At present, the United States has not yet legalized federal marijuana, which is limited to states. There are three degrees of legalization in American States. This includes four United States territories in the Atlantic (Puerto Rico and the United States Virgin Islands (USVI)) and the Pacific (Guam and the Commonwealth of the Northern Mariana Islands (CNMI)).
The first tier states are represented in green on the legalization map above.
Secondary states are shown in blue on the legalization map above.
The third tier states include states where the state legislature allows strict restrictions by law (usually with low or negligible THC content), which are marked in yellow on the legalization map.
Georgia passed a strict access restriction (SLA) law in 2015, called the Haley hope act, named after Hayleigh's hope act, a young child with debilitating epilepsy.
South Carolina's SLA law was passed in 2014, named "Julian law" after a brain damaged South Carolina baby who had epilepsy and had to leave the state for a legal state (Colorado) to treat epilepsy that afflicted the child's body.
Other three-tier SLA countries restrict not only the ingredients of products and their medical uses, but also the way of intake, the management or place of acquisition of products, and sometimes only research institutions.
Mississippi upgraded to a secondary medical state
This month, Mississippi witnessed the latest evolution from a level III restricted state to a level II medical use state.
On February 2, 2022, Tate Reeves, the Republican elected in 2019 and governor of Mississippi, signed the medical use (secondary) legislation into law. This ended a 15 month stalemate between Mississippi voters and their lawmakers.
Mississippi's new medical marijuana law gives the Mississippi Department of health the power to increase medical conditions and issue medical marijuana licenses and registrations. Health conditions for medical marijuana listed on the website of the US Department of health include cancer, Parkinson's disease, amyotrophic lateral sclerosis, post-traumatic stress disorder, AIDS / HIV and autism, and other conditions related to terminal or debilitating diseases, such as wasting disease at the end of life.
The Mississippi Department of health is expected to issue licenses to planting facilities, processing facilities, testing facilities, waste treatment and transportation entities within 120 days. The Department reported that it expected to issue licenses to medical marijuana pharmacies in Mississippi within 150 days.
Other SLA states are considering changing legalization
Other severely restricted tertiary states are considering legalizing medical marijuana. These include South Carolina and Kentucky.
In February 2022, the South Carolina Senate passed a medical marijuana bill by 28 votes to 15. The approval submitted the South Carolina compassionate care act to the South Carolina house of representatives for consideration. If approved (and then signed by the governor of South Carolina), the current legislation will make medical marijuana legalized only in oils, creams, chewing gum and food products, and will be prohibited from being used in any atomized or dry form.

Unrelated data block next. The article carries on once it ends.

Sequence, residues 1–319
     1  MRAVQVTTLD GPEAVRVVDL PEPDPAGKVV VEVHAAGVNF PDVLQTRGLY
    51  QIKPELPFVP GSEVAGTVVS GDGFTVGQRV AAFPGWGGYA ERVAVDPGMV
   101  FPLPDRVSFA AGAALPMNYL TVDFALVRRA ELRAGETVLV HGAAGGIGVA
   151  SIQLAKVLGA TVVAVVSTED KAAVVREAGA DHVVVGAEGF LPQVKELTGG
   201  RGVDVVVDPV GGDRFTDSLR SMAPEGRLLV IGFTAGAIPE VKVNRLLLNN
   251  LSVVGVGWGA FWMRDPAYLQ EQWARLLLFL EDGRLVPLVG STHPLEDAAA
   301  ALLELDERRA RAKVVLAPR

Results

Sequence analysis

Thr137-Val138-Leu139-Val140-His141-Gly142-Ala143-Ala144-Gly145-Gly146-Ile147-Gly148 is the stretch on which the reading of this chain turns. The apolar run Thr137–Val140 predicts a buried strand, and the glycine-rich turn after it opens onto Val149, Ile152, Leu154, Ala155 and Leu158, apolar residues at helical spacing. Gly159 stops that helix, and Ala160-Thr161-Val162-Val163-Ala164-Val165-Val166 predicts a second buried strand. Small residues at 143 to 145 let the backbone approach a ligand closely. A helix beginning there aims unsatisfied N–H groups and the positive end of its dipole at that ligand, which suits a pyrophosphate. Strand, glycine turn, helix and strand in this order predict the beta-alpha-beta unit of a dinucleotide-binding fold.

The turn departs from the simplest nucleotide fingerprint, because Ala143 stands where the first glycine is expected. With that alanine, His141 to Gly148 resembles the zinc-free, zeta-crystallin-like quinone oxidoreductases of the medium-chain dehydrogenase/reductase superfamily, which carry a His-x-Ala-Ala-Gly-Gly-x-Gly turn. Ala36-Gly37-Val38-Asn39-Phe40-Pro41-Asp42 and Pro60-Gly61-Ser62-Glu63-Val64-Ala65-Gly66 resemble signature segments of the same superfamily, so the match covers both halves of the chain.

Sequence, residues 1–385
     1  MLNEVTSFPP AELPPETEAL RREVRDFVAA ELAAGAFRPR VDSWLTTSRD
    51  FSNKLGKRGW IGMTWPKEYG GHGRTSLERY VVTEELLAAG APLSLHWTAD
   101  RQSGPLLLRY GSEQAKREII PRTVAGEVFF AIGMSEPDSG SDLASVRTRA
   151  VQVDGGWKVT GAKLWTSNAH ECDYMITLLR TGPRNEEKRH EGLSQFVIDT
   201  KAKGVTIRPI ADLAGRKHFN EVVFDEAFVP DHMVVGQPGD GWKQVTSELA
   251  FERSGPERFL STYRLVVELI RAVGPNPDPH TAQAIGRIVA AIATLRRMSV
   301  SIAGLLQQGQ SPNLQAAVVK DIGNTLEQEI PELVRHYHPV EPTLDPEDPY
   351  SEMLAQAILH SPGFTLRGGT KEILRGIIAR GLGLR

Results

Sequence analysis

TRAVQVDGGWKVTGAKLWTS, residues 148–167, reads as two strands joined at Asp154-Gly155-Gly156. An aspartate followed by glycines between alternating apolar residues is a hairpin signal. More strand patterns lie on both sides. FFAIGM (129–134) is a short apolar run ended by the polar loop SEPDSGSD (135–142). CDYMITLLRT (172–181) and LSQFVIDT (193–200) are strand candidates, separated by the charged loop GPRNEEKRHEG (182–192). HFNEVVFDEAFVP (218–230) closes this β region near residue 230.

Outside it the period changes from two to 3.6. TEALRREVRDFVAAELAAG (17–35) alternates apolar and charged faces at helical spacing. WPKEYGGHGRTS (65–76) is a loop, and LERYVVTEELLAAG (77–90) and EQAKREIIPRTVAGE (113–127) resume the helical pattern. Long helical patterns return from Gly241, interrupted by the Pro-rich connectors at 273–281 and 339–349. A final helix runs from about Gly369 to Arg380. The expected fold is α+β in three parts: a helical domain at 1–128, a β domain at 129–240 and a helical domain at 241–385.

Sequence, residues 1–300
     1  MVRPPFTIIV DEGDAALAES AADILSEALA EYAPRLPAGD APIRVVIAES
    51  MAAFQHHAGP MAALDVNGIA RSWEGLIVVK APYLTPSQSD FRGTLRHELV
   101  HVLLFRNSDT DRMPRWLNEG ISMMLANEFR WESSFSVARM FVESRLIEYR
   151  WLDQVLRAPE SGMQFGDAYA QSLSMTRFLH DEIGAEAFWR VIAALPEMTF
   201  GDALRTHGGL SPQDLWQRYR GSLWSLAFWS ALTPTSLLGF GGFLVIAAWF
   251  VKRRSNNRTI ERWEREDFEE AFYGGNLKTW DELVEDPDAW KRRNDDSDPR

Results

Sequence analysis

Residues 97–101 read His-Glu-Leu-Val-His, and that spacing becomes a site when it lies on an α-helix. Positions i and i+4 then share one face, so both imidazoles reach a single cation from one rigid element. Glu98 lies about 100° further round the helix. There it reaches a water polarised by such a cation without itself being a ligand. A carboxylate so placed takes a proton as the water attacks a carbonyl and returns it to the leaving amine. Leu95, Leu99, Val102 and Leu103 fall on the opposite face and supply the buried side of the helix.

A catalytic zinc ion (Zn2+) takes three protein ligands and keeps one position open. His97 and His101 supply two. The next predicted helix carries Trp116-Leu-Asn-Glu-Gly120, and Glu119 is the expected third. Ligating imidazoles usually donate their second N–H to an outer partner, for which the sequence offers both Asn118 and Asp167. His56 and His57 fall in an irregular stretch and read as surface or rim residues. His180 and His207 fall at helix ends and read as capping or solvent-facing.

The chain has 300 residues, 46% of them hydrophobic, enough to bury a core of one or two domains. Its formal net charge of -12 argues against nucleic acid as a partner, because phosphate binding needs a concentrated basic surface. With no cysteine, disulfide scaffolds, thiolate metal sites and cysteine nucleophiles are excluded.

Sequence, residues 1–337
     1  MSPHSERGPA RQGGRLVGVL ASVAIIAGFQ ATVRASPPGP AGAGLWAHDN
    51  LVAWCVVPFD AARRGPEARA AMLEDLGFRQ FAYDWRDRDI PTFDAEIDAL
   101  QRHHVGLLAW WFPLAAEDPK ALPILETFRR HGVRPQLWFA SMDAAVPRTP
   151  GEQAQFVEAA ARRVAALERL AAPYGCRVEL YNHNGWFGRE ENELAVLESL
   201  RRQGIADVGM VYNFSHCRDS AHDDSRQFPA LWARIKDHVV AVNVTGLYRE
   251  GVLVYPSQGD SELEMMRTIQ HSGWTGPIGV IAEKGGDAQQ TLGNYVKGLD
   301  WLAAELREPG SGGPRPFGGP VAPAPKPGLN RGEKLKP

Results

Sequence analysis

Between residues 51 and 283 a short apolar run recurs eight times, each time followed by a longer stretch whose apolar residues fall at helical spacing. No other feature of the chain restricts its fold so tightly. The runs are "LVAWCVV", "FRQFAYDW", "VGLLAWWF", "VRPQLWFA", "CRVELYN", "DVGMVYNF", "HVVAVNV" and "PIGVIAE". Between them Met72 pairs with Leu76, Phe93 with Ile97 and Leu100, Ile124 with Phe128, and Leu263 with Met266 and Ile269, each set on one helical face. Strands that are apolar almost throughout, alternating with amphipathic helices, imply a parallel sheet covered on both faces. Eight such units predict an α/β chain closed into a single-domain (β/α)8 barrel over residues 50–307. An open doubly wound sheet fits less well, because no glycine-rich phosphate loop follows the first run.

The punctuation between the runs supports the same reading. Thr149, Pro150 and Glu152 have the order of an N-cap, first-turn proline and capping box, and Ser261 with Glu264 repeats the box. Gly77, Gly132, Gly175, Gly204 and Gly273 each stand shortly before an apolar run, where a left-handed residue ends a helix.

Kentucky is a state with strict access restrictions, allowing CBD products to be used for research. The state is taking some measures to get rid of the state's access restrictions.
In February 2022, state legislators introduced a series of marijuana bills to legalize adult use and medical marijuana. The proposal announced by Kentucky Democrats in both houses on February 17, 2022 is called "let's grow bill".
Even States specializing in health care are "taking action" to legalize adult use
In Ohio, Missouri, Arkansas, South Dakota and Oklahoma, pro reform forces have been taking action to ensure that adult voting initiatives are included in each state's November 2022 vote.
On February 14, 2022, during a stopover in Southern California, U.S. congressman Tim Ryan of Ohio said that Ohio, which has been a legal state for health care since 2016, is expected to legalize adult use in the November 2022 vote. He speculated that this may interest college age voters.
Other medical law states, including Delaware, Minnesota, New Hampshire, Hawaii and Rhode Island, currently have members of their legislatures proposing and promoting the legalization of cannabis use by adults.
For Maryland and other states that use the referendum process (the legislature will also ask questions on the ballot to allow voters to vote), legislators will arrange for adults to use the referendum in November 2022.
99% of Americans live in areas that are somehow legalized
The United States has about 330 million residents. Almost 99% of U.S. residents live in places that are legalized to some extent. The legalization pyramid shows that less than 7 million of these 330 million people live in places where marijuana is illegal under state law.
Therefore, those seeking to start, diversify or invest in cannabis should consider the laws, regulations and practices of states (and U.S. territories). It is believed that more states will join the legalization process by 2022.
Source: Tencent News
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